London cardinal calls Tube incident 'another cowardly attack'

London cardinal calls Tube incident ‘another cowardly attack’

London cardinal calls Tube incident ‘another cowardly attack’

Deputy Chief Constable Adrian Hanstock of the British Transport Police makes a statement to the media after a bomb blast Sept. 15 on a London Underground train. (Credit: Luke MacGregor/Reuters via CNS.)

Cardinal Vincent Nichols, whose diocese covers the Parsons Green Underground station where a terrorist bombing took place, praised the emergency services who tended to the victims as well as the residents and workers in the area who offered them safety and comfort. No one was killed, but several people were injured.

LONDON — Cardinal Vincent Nichols of Westminster described the attempted bombing of a rush hour Tube train in London as “yet another cowardly attack” and said he was praying for the 22 people being treated for burns and other injuries.

The device detonated September 15 on a London Underground train but failed to explode as intended.

It nevertheless shot a “wall of fire” through carriages, injuring passengers, including a 10-year-old boy. No one was killed.

Nichols later issued a statement to express his horror at the fifth terrorist attack in the U.K. this year.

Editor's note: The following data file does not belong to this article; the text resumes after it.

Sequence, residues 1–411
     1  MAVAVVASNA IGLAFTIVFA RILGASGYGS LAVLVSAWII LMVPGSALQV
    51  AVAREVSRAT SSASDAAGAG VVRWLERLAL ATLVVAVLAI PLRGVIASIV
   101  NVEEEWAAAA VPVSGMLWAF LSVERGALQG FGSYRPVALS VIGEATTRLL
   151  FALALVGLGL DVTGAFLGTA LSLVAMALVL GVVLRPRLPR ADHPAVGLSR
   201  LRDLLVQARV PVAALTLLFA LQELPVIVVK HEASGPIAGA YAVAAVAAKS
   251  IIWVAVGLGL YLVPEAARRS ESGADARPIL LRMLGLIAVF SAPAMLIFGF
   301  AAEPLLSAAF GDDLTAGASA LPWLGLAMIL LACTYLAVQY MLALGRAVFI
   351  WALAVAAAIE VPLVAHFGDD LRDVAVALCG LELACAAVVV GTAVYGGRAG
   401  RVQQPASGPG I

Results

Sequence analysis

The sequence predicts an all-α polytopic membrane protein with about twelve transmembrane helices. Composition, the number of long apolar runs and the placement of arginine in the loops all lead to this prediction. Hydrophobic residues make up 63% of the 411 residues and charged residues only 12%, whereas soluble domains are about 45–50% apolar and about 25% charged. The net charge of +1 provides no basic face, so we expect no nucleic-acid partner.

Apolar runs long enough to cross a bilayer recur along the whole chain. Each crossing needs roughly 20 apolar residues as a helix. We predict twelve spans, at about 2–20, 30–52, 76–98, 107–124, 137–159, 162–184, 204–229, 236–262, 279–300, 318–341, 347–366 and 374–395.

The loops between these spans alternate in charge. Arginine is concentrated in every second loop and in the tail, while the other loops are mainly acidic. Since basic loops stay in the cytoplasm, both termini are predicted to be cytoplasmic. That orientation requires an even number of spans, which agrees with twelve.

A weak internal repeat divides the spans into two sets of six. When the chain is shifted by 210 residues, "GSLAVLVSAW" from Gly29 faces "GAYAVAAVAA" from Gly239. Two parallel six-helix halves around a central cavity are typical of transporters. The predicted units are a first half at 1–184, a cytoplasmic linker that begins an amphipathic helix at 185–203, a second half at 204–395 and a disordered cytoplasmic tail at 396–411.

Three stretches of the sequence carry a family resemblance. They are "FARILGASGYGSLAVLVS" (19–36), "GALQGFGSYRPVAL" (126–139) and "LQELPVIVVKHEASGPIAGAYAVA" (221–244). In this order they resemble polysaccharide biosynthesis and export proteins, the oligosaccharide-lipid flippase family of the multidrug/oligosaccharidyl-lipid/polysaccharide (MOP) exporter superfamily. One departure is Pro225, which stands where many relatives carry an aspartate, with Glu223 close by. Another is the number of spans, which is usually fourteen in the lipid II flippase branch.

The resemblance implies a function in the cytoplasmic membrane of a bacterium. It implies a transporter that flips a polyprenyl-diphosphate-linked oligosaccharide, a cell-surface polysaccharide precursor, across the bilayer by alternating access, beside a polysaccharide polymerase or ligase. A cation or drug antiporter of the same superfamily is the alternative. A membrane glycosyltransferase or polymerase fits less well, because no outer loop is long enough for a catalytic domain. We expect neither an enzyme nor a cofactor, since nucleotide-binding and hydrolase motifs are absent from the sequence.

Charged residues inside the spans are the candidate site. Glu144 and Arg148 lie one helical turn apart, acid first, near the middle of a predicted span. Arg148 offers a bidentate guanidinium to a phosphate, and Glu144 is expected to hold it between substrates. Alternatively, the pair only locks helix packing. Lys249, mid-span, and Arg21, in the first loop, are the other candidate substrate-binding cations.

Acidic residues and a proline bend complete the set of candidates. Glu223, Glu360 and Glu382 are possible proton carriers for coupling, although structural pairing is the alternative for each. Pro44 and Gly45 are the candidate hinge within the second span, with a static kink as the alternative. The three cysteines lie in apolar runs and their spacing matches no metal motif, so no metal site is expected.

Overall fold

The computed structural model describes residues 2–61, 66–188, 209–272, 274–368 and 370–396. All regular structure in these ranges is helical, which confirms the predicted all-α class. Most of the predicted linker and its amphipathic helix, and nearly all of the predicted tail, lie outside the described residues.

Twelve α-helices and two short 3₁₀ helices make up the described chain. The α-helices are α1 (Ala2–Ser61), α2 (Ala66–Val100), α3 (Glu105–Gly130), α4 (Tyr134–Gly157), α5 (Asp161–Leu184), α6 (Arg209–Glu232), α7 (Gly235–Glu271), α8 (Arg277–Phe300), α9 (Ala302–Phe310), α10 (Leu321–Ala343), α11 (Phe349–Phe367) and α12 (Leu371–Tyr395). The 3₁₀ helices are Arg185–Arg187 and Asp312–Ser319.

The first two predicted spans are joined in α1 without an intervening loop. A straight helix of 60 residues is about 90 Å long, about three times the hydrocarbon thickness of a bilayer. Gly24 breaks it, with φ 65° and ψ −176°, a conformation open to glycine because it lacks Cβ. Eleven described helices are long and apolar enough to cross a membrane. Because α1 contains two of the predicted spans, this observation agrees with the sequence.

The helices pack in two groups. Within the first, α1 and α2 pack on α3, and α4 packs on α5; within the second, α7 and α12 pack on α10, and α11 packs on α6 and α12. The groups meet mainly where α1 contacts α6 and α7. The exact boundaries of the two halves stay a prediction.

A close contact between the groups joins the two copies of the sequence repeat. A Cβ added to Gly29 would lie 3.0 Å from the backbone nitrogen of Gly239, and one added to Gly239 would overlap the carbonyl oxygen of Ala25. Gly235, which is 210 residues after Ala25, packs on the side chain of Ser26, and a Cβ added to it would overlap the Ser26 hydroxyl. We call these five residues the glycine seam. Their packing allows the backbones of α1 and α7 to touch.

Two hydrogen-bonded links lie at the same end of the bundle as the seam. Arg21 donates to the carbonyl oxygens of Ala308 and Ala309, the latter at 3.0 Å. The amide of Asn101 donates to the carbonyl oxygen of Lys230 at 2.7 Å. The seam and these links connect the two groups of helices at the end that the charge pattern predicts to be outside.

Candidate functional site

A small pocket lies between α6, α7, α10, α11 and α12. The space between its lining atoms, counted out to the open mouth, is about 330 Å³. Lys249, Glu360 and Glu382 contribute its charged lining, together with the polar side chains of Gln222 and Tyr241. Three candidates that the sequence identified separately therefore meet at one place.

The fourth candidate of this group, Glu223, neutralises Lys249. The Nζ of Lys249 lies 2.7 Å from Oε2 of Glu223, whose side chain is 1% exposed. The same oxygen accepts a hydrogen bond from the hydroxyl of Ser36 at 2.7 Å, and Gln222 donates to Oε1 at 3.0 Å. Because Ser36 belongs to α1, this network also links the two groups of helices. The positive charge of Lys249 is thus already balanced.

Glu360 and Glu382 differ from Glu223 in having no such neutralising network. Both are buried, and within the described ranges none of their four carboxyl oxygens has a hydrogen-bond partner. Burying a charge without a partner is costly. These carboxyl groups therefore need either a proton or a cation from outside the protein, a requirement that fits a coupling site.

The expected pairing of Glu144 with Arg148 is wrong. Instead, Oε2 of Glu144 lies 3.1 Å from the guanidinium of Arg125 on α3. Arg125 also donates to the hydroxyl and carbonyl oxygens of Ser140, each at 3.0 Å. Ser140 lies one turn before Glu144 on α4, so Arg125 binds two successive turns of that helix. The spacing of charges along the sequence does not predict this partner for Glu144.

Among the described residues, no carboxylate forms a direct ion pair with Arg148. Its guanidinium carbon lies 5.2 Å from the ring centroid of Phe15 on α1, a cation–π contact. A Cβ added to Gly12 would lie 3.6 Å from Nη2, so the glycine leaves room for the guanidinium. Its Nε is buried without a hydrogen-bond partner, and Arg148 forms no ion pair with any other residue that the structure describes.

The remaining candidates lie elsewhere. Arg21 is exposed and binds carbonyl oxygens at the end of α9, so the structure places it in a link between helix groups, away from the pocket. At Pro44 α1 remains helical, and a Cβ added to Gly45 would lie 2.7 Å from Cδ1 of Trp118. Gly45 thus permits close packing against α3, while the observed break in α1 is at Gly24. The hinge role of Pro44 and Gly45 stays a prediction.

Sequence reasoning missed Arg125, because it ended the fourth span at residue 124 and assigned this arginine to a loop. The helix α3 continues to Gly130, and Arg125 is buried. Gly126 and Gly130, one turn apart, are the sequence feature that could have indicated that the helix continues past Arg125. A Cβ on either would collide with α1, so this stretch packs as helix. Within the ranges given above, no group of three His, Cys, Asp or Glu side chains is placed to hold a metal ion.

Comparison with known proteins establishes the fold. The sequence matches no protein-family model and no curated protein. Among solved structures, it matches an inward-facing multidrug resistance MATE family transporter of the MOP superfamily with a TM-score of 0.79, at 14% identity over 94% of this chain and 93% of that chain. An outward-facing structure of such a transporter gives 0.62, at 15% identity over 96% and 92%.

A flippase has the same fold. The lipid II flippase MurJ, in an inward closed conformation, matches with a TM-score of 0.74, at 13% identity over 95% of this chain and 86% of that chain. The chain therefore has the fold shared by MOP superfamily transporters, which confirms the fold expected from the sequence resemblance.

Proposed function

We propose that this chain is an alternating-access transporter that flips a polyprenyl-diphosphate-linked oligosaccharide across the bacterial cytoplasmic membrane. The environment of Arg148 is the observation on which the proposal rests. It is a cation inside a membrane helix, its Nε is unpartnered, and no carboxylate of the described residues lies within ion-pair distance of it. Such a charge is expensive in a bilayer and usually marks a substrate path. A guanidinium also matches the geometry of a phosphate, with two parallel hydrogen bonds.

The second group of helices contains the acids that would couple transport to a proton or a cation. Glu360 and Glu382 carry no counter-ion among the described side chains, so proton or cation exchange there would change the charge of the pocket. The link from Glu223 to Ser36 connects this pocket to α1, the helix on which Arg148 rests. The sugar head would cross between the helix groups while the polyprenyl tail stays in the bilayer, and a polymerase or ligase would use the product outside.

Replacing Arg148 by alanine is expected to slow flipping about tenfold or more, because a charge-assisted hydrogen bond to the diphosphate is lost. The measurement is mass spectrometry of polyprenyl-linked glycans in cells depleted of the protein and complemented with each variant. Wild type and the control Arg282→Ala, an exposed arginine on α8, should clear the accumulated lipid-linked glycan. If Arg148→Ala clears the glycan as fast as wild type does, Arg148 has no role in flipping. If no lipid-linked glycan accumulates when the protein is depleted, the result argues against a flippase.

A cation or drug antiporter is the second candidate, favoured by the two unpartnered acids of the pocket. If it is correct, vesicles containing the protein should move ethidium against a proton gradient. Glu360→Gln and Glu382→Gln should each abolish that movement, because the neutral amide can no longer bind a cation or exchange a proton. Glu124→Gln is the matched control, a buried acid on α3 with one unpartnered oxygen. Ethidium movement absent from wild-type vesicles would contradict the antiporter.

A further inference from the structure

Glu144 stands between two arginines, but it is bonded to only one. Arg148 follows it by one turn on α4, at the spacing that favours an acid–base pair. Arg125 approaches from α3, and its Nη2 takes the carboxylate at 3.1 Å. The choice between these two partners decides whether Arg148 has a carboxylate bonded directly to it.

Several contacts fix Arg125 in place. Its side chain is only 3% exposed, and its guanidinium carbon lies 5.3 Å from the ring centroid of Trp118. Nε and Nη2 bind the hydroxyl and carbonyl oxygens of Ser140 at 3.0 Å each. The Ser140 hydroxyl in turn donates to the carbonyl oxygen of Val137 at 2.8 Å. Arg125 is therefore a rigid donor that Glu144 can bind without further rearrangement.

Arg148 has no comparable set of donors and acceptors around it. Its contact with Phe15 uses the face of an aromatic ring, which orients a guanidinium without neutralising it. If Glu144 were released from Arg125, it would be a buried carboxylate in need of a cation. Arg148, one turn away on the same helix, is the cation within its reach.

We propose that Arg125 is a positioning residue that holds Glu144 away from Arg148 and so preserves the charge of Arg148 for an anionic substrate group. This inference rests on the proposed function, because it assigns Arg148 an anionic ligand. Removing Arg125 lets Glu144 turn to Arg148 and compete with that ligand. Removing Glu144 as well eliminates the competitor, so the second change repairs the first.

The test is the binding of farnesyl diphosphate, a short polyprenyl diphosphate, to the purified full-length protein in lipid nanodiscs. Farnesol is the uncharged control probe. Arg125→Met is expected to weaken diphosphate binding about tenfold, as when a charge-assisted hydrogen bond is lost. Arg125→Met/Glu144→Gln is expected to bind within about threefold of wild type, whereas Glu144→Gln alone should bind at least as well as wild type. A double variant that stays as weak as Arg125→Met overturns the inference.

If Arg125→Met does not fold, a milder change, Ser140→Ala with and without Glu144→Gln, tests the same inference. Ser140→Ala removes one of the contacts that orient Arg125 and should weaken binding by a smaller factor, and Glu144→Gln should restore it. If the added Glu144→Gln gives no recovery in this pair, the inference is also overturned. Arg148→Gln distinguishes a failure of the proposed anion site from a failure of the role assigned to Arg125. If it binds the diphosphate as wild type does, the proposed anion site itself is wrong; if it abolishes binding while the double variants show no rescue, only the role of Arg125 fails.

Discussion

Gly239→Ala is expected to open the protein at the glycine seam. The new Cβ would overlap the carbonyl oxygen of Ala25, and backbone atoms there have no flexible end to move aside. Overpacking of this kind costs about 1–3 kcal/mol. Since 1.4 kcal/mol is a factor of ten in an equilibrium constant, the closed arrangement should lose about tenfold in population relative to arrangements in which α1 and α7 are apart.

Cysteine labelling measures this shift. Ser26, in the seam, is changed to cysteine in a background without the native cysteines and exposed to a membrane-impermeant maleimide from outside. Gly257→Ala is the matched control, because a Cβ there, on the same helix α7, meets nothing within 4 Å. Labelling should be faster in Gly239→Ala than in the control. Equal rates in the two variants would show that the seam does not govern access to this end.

“I am dismayed at yet another cowardly attack on innocent people, including young children, as they were commuting to work and school this morning,” said Nichols, president of the Bishops’ Conference of England and Wales.

“I pray for all who were injured in the blast and in the ensuing stampede, and for all who were affected by the incident,” he said. “May God grant them and all Londoners peace and strengthen our resolve to stand against such evil acts.”

The cardinal, whose diocese covers the Parsons Green station where the attack took place, also praised the emergency services who tended to the victims as well as the residents and workers in the area who offered them safety and comfort.

Nichols said: “The generous actions of those who rushed to tend to the wounded and those who were in shock demonstrate all that is good in humanity as a small number seek to divide our society. We should all be alert, but remain calm.”

The bomb, placed inside a builder’s bucket and covered by a shopping bag, was described as an “improvised explosive device” by police.

It included a timer, indicating that the bomber left the device on the train before it was meant to explode.

Detectives say they have identified the bomber using CCTV images but have so far declined to name him publicly.

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